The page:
A review has been carried out of provincial High Court circuits. I am informed that the High Court sits each year in a number of venues outside Dublin to hear appeals from the Circuit Court. This is provided for under the Courts of Justice Act 1936. Up to and including 2011, 126 sitting days in various venues were allocated for this purpose. However, demand for such sittings was not uniform across all venues. In addition, it was found that many parties preferred to avail of the option to have appeals from the Circuit Court heard in Dublin rather than await the sittings of the High Court on circuit. As I indicated, it is a matter for the President of each court jurisdiction to allocate the business of the court. Bearing in mind the demand for hearings, during 2011 the President of the High Court, who has responsibility for the allocation of business to High Court judges, sought to rationalise High Court sittings in all venues outside Dublin with a view to creating efficiencies and adopting a more flexible approach to court sittings generally. This rationalisation was facilitated by amendments to the 1936 Act which were contained in the Civil Law (Miscellaneous Provisions) Act 2011. These amendments gave the President of the High Court increased flexibility in respect of the allocation of judges and sitting dates for appeals from the Circuit Court to the High Court. Essentially, the changes introduced by the President of the High Court for all counties provide that sittings of the High Court for appeals from the Circuit Court are held in regional centres as determined by the President, having regard to the effective and efficient discharge of the business of the High Court.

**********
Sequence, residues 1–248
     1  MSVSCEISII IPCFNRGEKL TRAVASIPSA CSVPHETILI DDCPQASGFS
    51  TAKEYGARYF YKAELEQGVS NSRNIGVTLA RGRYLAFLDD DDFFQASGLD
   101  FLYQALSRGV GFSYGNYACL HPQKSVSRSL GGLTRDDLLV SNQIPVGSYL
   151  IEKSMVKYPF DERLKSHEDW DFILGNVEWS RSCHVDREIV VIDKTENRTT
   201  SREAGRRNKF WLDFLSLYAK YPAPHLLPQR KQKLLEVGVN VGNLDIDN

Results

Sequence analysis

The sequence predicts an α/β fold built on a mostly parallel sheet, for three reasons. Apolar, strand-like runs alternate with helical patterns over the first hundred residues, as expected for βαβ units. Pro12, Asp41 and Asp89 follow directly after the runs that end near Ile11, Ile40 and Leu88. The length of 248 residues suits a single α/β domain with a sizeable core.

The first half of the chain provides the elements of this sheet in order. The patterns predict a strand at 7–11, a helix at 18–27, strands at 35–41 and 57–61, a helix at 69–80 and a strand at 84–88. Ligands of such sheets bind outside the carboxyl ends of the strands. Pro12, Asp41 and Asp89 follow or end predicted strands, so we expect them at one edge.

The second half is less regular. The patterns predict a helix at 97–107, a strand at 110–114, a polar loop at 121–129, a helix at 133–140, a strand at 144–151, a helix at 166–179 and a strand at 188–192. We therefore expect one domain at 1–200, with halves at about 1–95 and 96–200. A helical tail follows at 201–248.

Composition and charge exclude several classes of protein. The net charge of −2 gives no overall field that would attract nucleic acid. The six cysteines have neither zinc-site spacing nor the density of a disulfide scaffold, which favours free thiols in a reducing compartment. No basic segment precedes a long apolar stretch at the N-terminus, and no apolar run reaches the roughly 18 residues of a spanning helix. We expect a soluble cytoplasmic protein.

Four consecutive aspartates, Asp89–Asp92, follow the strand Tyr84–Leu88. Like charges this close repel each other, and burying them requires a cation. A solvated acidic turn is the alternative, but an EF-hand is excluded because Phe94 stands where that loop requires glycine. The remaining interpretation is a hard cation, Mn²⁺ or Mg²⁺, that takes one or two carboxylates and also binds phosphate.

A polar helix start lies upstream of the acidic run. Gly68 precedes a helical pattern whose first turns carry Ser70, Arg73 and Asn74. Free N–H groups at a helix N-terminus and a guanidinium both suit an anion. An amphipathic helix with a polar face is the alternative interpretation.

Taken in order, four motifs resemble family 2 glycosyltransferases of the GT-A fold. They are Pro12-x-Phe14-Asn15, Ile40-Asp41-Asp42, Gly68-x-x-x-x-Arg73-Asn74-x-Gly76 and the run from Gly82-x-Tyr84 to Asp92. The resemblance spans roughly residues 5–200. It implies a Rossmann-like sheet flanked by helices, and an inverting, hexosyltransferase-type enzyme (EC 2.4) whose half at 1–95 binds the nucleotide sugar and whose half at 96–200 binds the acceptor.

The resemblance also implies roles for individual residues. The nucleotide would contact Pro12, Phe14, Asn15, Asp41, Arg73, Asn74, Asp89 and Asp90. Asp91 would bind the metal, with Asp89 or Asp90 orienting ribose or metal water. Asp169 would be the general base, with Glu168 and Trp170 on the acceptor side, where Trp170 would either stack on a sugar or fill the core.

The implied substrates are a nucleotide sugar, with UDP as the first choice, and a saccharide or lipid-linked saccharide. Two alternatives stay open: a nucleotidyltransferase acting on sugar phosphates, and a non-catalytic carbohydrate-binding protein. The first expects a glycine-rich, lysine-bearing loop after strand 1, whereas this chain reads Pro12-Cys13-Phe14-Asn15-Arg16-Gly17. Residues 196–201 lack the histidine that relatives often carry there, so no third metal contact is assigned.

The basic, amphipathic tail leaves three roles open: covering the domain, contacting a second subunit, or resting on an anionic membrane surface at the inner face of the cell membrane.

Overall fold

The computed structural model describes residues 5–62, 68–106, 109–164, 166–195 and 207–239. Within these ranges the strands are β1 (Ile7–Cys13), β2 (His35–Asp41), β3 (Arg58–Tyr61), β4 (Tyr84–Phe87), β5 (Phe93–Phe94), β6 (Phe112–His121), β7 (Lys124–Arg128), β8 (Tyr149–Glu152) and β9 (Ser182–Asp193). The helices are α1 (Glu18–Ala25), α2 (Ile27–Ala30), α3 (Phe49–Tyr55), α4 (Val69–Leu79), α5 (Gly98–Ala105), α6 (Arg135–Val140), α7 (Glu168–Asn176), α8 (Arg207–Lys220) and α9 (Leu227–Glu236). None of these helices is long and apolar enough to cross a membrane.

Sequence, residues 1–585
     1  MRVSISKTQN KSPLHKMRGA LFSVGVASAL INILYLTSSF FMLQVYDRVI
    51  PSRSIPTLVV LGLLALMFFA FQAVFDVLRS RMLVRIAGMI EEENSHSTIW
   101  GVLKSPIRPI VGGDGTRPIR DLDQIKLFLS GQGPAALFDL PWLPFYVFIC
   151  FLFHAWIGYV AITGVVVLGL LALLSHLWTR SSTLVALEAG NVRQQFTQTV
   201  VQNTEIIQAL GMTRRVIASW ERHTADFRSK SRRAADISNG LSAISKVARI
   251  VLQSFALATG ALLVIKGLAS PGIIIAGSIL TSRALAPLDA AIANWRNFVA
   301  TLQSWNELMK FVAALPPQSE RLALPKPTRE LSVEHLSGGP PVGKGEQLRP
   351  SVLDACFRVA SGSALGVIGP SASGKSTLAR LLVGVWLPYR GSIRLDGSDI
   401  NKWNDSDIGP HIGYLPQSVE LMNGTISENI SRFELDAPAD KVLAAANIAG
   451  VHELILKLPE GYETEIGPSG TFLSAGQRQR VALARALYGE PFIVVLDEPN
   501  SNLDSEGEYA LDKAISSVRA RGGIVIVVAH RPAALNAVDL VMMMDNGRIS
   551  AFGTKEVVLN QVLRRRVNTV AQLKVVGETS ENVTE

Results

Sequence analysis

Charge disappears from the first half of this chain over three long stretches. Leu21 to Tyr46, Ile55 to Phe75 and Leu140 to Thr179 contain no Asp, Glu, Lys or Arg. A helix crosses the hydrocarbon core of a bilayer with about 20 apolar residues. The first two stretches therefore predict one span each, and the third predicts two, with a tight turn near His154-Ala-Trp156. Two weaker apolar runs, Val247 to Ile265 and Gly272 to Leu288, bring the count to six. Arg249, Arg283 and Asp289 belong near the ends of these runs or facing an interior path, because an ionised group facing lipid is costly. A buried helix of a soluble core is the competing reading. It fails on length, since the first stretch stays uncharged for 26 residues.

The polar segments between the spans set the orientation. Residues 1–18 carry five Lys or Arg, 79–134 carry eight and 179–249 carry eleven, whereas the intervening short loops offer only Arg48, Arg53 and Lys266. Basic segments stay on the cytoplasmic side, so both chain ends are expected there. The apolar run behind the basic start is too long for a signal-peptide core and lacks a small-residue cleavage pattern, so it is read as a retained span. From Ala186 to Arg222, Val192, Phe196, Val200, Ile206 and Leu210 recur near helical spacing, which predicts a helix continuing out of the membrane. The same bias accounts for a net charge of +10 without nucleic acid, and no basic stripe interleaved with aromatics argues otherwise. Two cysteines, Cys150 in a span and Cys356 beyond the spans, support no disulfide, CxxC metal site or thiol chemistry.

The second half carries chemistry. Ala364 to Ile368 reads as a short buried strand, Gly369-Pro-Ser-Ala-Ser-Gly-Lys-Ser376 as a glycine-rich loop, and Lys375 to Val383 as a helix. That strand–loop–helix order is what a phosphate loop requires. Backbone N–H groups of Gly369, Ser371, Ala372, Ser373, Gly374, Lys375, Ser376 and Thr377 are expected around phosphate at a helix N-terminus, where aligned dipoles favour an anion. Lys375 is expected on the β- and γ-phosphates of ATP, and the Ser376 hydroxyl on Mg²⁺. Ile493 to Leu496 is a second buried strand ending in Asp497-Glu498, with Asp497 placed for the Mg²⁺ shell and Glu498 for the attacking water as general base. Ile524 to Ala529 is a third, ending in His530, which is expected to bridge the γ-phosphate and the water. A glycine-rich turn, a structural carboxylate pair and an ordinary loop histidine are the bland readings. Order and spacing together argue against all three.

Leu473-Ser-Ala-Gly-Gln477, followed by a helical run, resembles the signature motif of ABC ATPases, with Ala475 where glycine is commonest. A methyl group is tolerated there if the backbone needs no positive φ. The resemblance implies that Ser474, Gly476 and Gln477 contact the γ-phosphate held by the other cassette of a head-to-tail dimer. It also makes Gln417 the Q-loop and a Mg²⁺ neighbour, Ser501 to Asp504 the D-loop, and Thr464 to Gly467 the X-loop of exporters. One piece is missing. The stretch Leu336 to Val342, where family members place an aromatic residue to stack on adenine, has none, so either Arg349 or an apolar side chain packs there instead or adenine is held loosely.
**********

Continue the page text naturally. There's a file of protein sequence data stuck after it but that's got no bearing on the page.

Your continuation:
Appeal sittings are now scheduled for dates immediately following sittings of the High Court at first instance for personal injury cases in provincial venues. The changes made have resulted in maximisation of the use of judicial resources and an increase in the availability of judges for sittings of the High Court at first instance in Dublin, where there is a significantly greater volume of business, to maintain reduced waiting times. These measures have already generated savings in the cost of travel and subsistence for judges and ushers. I am informed that following the introduction of this regionalised approach, appeals from Donegal are now heard in Sligo and Castlebar. The aim is to balance the need for improved efficiencies with a minimisation of disruption to parties and witnesses. On behalf of the Minister for Justice and Equality, I thank the Senator for raising the matter. I appreciate his interest in ensuring the efficient and effective administration of justice. Unfortunately, this is not what the Senator wished to hear but he will understand the reasons this change had to be made.

Photo of Jimmy HarteJimmy Harte (Labour)
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May I ask a question?

Photo of Paddy BurkePaddy Burke (Cathaoirleach of Seanad; Fine Gael)
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The Senator may do so, although there may not be any point in his case.

8:00 am

Photo of Jimmy HarteJimmy Harte (Labour)
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I ask that the President of the High Court, who decides where court sittings take place, look at County Donegal in a different light. While efficiencies may have been secured in respect of a couple of officials, the new system is not more efficient for clients of the court. The current position is akin to appeals initiated in County Cork being heard in Galway. People in County Cork would make a fuss if that were the case. The changes inconvenience court users and have resulted in only minimal efficiencies. While sittings in Sligo may be acceptable, having the court sit in Castlebar is out of the question.

Photo of Kathleen LynchKathleen Lynch (Cork North Central, Labour)
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While I am sure there is no way there could be interference, this debate will probably bring the matter to the attention of somebody.